LOS ANGELES (CBSLA.com) — Two state lawmakers from Southern California and animal rights advocates are working to free hot dogs – literally.
Assembly Bill 797 would provide legal immunity for anyone who damages a vehicle “in a good faith effort” to rescue a child or pet from “dangerous conditions while trapped in a hot car.”READ MORE: 3 Dead, 2 Injured When Gunfire Erupts At House Party In Inglewood
Introduced by Assemblyman Marc Steinorth (R-Rancho Cucamonga) and sponsored by the Los Angeles District Attorney and the Humane Society of the United States, “The Right To Rescue Act” would limit civil liability for anyone who identifies a child or pet locked in a car that may be “endangered due to heat, cold, lack of adequate ventilation, or other circumstances that could reasonably be expected to cause suffering, disability, or death to the minor or animal.”
The corrective action could be taken only after it was determined that the vehicle was locked and authorities had been contacted prior to damaging the vehicle.READ MORE: Instagram Rolls Out New Feature Allowing Certain Influencers To Charge For Content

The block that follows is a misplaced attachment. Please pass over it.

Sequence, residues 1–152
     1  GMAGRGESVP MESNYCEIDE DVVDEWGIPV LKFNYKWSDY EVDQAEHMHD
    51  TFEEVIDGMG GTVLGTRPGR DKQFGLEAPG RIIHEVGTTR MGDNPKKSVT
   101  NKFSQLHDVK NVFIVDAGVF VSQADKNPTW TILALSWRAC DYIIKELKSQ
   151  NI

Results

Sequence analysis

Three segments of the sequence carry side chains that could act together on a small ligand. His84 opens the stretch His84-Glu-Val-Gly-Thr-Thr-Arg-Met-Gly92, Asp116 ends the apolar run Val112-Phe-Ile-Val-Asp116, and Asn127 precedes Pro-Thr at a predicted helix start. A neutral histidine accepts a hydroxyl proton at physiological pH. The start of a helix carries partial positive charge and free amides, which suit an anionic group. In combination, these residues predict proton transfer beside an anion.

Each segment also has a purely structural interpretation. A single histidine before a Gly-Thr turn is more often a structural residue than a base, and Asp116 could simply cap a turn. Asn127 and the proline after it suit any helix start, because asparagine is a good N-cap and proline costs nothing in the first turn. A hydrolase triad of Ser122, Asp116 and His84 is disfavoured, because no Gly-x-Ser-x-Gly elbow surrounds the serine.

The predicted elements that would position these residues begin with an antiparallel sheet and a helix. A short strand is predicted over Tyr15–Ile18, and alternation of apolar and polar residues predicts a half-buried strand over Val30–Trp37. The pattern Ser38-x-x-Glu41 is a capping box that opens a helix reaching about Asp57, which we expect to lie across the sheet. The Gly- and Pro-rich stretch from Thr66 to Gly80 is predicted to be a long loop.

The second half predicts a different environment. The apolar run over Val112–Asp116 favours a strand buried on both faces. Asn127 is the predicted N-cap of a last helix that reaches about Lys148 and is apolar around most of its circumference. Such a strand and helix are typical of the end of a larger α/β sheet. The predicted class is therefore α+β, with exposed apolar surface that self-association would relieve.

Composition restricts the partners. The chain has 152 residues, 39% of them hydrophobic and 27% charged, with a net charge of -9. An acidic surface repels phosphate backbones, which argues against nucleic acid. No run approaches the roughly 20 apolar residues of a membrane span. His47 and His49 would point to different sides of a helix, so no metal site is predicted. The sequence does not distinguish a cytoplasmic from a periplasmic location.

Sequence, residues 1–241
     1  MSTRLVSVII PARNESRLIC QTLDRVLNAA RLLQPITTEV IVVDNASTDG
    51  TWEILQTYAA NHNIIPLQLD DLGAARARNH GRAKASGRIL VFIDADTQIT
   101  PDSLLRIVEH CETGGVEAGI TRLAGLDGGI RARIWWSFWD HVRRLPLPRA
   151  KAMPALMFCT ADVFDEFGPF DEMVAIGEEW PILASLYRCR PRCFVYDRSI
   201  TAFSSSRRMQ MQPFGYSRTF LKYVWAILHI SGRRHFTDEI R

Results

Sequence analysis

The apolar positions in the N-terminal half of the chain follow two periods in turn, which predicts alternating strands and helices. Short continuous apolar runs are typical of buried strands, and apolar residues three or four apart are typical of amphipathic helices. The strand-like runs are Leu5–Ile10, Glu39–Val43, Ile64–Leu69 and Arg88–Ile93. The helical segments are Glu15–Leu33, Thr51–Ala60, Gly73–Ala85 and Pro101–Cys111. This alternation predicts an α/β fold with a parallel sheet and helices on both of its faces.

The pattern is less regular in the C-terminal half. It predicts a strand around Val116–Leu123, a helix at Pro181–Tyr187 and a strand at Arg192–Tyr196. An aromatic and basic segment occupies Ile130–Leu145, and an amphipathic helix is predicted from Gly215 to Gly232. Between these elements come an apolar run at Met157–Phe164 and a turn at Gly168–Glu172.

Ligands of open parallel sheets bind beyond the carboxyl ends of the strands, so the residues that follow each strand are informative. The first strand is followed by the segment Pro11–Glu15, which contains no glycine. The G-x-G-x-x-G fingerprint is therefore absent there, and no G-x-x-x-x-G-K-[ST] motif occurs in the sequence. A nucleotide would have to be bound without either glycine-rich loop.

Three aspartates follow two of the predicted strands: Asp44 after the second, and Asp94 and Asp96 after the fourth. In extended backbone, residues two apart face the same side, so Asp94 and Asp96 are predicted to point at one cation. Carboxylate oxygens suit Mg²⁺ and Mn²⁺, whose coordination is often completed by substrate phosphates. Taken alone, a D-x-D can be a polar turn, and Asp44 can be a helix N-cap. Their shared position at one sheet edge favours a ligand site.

Critics say the legislation could invite legal ambiguity and liability questions for cases involving overzealous animal rights advocates or other passersby who may damage property without cause upon seeing children or pets left inside a vehicle.
Steinorth, along with Assemblymembers Ling Ling Chang of Diamond Bar and Kristin Olsen of Riverbank, attempted to demonstrate the urgency behind AB 797 by making a video of the trio taking the Hot Car Challenge, a viral campaign that seeks to raise awareness of dangerous conditions for kids and pets in locked vehicles.
With an outside temperature of 92 degrees, the interior temperature of the car rose to over 100 degrees after only eight minutes during the video demonstration.MORE NEWS: Black Restaurant Week Kicks Off Sunday In Long Beach
AB 797 is currently under consideration in the Senate Judiciary Committee.